There are people who can provide you with employment opportunities all around you. In addition to your coworkers, relatives, and friends, you will see at least a hundred other people who could be a resource for you, if you look closely. When you go to the grocery store, the cashier is an opportunity; when you buy gas, when you go to the dry cleaners, when you sit in the doctor’s office—every single place that you go and where you spend your time is an opportunity to get a referral for a job. If you’re looking for a job, you can use these referrals to find new opportunities. If you’re happily employed, you should always be in the process of building a giant referral network for yourself that you can rely on when you need it. Your network can help you get employed and stay employed.

Making Yourself Referable

How do you make yourself referable? How do you become that person whom others are willing to refer to a job? You’re about to discover some basic strategies to ensure you are referable.

One of the most important things to understand about referrals is that in order to be referable, you need to do good work. That is pretty basic. If you want someone to stand behind you, your work must be exceptional. Being average is not enough. You need to be remarkable in some way. You need to be someone that others look at and say, “This is a person that I would recommend.” You want to be the kind of person whom others look at and think, “This person seems like a good fit for this sort of job or that sort of job.”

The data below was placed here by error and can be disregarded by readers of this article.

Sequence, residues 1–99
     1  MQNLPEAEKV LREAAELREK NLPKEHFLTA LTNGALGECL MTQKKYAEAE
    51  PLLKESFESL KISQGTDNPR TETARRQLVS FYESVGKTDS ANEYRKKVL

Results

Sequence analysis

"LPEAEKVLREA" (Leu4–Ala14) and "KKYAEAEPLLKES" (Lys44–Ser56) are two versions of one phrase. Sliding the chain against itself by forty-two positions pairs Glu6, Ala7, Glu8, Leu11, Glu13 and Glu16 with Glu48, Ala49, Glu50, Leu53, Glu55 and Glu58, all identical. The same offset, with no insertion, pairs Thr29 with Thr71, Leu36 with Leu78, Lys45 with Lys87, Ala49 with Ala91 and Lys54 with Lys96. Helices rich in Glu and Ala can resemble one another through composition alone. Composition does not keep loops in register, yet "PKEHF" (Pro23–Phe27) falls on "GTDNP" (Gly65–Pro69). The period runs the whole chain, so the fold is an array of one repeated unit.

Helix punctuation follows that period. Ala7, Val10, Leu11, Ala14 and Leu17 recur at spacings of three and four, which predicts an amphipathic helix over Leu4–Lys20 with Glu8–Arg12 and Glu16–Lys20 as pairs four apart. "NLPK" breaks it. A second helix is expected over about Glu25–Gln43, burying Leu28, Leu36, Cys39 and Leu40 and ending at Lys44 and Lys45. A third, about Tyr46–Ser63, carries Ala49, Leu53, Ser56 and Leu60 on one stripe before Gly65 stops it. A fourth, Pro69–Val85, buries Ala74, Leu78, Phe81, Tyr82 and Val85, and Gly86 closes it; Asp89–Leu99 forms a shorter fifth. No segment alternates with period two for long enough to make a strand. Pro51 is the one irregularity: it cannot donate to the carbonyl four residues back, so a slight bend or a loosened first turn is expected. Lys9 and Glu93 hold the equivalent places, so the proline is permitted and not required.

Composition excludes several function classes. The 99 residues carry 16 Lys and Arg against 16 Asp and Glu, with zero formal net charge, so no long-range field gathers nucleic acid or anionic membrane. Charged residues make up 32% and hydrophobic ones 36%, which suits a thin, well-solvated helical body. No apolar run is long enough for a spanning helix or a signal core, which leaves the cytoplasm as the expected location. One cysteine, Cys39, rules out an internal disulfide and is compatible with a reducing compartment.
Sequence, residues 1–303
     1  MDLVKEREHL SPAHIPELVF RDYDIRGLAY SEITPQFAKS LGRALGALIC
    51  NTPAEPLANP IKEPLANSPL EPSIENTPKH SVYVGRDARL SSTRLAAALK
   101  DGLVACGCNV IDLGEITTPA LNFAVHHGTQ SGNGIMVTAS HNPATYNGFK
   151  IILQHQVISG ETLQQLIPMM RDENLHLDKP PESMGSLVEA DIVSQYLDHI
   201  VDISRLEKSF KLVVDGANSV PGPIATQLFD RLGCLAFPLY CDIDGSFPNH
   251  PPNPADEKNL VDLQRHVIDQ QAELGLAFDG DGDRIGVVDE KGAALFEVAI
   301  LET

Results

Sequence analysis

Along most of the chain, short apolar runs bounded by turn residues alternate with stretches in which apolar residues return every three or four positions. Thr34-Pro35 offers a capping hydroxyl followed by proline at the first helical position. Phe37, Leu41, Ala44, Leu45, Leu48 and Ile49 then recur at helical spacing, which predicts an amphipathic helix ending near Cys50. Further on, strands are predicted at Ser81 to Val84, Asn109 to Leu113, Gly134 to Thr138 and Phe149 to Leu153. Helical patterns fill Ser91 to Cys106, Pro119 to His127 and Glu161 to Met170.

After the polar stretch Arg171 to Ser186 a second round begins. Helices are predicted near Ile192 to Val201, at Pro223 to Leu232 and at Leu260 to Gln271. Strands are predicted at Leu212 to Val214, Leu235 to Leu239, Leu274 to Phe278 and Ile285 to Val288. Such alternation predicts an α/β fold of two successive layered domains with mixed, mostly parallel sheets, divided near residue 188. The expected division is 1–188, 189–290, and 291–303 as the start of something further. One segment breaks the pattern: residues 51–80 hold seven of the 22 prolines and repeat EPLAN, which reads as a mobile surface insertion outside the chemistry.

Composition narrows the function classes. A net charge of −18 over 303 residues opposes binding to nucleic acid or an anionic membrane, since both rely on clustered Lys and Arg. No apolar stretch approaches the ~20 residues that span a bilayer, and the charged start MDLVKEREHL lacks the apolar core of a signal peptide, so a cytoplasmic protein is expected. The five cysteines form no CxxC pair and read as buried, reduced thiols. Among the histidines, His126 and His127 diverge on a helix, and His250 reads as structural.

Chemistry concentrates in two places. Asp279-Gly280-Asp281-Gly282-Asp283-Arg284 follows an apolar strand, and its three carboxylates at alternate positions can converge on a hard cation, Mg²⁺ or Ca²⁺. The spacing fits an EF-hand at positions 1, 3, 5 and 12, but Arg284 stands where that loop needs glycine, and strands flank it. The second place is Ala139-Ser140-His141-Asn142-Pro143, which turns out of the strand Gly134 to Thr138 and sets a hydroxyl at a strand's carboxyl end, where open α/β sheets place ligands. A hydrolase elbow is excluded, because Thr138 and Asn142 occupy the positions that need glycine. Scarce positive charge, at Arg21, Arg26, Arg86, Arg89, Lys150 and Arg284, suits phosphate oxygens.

In becoming referable, there are a couple of aspects to consider, one personal and the other professional. In the personal category, you can goof off, have a lot of fun, and be a certain personality with your friends. But in the professional sphere, you need to be seen as a person who takes work seriously, who is serious, and who likes what they do.